The title of The Cave refers to the Cave of the Patriarchs in Hebron, where Abraham (father to both Jews and Muslims) and his family are buried. The opera conveys the story of Abraham, his wife Sarah, her handmaid Hagar, and their sons, Ishmael and Isaac, using sacred Jewish and Islamic texts, even as it explores the contemporary relevance of these figures through interviews with Israeli Jews, Palestinian Muslims, and Americans. Reich and Korot synchronized the speech melodies and film footage from these interviews with live music to create a visual and aural portrait of each individual. The result is a far cry from Carmen or La bohème. Think Different Trains, but with video.

When Korot and Reich began thinking seriously about the project in the late 1980s, they decided that the scope of producing an opera exceeded what they could manage on their own. In April 1988, before they had even lined up a commission, the pair asked Renée Levine Packer to produce the opera. Although the Reich Music Foundation is listed on the program below as a co-producer, Reich has been quick to credit Levine Packer as the true (and sole) producer. “I didn’t have anything to do with the production whatsoever,” he said in a 2016 interview. “It was all produced by Renée Levine [Packer]. I did nothing except whatever she told me!”

Cave Program Page

Title page of the Vienna program booklet. Source: University at Buffalo Music Library.

Levine Packer and Reich first met in 1965 at the Center of the Creative and Performing Arts at SUNY Buffalo, which Levine Packer coordinated and eventually co-directed. Later, she co-ran the CalArts Contemporary Music Festival and, more importantly, led the NEA’s nascent Inter-Arts Division. There, Levine Packer oversaw the agency’s funding for experimental, mixed media, and interdisciplinary collaborations. Her stints at SUNY Buffalo and the NEA were twin qualifications, according to Reich: “She was somebody who really knew the new music field and she knew the funding field, and she was really sympathetic to what we were doing. So, it was a natural [fit].”

Levine Packer brought to The Cave a wealth of connections to individuals and foundations. But her support cannot simply be measured in terms of how many grants she secured. Her support was also aesthetic in nature. Levine Packer has spoken enthusiastically about Reich’s music, and one of her most cherished possessions is Etty’s Rosetta, a painting by Korot. Moreover, she is drawn to the very nature of interdisciplinary collaborations. In my conversations with her, she reflected, “I knew how difficult [these collaborations] were, but I also knew how they transcended boundaries and were larger than the sum of their parts. And that was very exciting to me…I felt perfectly at home with that kind of aspiration. In fact, I loved it.” The Cave represented, in her view, “everything I tried to accomplish at the National Endowment for the Arts…a wonderful collaborative work that goes beyond the art form of either and comes out totally new.”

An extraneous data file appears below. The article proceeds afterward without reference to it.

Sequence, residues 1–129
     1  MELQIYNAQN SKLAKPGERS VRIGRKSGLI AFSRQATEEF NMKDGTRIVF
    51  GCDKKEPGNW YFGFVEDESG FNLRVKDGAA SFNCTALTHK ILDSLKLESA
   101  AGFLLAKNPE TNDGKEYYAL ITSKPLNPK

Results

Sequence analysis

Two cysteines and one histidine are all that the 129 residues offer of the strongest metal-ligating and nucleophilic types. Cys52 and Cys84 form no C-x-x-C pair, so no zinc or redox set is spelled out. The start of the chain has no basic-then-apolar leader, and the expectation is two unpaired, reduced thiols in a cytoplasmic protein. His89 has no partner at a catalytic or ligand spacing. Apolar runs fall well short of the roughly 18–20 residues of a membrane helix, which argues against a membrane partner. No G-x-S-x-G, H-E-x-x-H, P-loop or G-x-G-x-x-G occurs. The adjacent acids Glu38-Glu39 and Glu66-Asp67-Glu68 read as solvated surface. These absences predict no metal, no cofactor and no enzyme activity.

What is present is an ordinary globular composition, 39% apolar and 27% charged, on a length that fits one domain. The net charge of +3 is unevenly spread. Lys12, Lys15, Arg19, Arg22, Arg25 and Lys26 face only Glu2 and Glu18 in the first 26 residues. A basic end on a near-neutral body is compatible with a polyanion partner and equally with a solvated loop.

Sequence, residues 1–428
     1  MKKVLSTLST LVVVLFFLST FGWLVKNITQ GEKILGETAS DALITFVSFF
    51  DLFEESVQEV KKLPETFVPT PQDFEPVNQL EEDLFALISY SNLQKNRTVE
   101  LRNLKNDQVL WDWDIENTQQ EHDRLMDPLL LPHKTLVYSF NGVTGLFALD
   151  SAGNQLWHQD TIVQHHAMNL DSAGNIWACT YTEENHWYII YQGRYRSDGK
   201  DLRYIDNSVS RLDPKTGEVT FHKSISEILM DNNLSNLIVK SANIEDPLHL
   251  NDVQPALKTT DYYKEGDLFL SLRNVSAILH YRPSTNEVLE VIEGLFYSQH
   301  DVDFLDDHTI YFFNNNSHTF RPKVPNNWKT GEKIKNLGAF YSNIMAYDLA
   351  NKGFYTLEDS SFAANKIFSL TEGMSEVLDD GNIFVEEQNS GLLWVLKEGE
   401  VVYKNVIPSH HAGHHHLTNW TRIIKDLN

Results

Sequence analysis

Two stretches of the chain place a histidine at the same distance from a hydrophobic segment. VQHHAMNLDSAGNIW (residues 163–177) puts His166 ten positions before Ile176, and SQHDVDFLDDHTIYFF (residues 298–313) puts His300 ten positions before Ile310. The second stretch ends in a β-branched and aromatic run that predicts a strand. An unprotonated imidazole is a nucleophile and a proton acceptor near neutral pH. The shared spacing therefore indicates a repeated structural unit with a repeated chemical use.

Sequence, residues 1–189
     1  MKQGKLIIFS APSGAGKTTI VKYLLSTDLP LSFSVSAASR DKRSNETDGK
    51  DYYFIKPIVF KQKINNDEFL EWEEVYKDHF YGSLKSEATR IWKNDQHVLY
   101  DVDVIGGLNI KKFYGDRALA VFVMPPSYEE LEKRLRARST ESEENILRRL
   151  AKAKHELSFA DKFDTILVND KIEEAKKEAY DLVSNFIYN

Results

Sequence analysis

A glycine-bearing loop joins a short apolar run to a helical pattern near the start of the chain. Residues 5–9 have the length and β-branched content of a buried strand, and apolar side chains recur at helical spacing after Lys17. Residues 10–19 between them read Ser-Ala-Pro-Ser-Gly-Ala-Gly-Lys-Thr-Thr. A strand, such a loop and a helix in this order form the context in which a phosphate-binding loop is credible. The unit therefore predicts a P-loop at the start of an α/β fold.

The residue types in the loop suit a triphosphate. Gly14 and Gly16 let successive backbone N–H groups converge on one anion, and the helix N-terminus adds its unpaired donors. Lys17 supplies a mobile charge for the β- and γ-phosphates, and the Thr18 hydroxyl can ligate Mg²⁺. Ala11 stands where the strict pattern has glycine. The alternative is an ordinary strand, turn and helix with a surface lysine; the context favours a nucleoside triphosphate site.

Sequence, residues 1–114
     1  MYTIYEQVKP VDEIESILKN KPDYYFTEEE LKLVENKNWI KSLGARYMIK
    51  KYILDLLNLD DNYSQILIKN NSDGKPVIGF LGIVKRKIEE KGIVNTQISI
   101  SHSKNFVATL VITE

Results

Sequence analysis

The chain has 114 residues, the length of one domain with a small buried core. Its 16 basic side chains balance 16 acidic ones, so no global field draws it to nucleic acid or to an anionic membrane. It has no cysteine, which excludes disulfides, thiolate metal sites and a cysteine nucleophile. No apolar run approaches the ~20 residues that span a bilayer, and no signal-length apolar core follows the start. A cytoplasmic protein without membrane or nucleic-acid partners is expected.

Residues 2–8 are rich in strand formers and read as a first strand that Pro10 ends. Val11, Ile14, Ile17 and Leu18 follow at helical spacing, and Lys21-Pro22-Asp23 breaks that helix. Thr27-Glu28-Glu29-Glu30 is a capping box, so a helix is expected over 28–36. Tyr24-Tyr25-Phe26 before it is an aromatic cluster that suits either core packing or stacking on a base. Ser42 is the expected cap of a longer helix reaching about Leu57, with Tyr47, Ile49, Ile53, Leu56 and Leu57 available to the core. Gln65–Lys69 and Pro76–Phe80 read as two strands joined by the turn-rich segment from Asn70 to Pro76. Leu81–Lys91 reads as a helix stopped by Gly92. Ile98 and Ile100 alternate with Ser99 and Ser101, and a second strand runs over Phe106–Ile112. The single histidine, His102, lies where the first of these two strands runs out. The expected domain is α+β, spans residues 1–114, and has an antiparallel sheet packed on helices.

In lieu of relying on a single company to produce the opera, Levine Packer, Reich, and Korot created a network of co-commissioners. They began in the fall of 1988 with Klaus-Peter Kehr at Stuttgart Opera (this commission later transferred to the Vienna Festival), then quickly added Harvey Lichtenstein at the Brooklyn Academy of Music, with whom Reich had worked before. Over the next four years, they assembled seven co-commissioners from Europe and the United States (listed at the top of the program above). These festivals and presenting institutions provided financial support via their commissions, but perhaps more importantly, their commitment to programming The Cave lent support to Levine Packer’s search for funding from public and private sources.

The development and production history of The Cave demonstrate that support at its most effective is inherently plural, taking multiple forms.

These sources (listed at the bottom of the program above) ranged from major foundations such as Ford and Rockefeller to music-specific organizations including Meet The Composer and private patrons like Freeman. Together, they eventually furnished around three-quarters of the $1 million or so that it cost to produce The Cave. Support was not always monetary; Levine Packer was able to acquire computer hardware from IBM for Korot and Reich thanks to connections that her husband had made during his career as an economist. Although it is easy to highlight the successes that Levine Packer, Reich, and Korot achieved in securing financial support, it risks overstating the difficulty of their endeavor and the challenges of self-production. The Cave was built on five years of sustained fundraising and networking, and Reich and Korot’s devotion to creating The Cave necessarily limited their ability to earn income from other commissions or performances. Given the irregularity of grant funds, at one point they had to borrow money from their extended family. And for every “yes” the team received from a commissioner, organization, or patron, many more said “no,” including the Kennedy Center, UCLA, University of Texas at Austin (which had at one point been a co-commissioner), the Pew and Mellon Charitable Trust Foundations, and the philanthropic wings of multinational oil companies.

Reich and Korot with the network of artists and musicians

Reich and Korot with the network of artists and musicians that brought The Cave to life.

There are many other ways in which the development of The Cave could show how support is built on personal and professional networks, but I will offer just one more example, which reveals support of an artistic kind. In selecting their collaborators, Korot and Reich tapped their networks of immediate, once-removed, and twice-removed contacts in the music and theater worlds. Their search for a director, for instance, lasted more than three years, with almost a dozen potential candidates. The director they eventually selected, Carey Perloff, had worked with David Lang and brought with her what she described as a “real aesthetic kinship.” Tod Machover connected Reich with one of his students, Ben Rubin, who created the opera’s typing instrument and served as technical advisor. Indeed, in his interview with me, Reich recalled: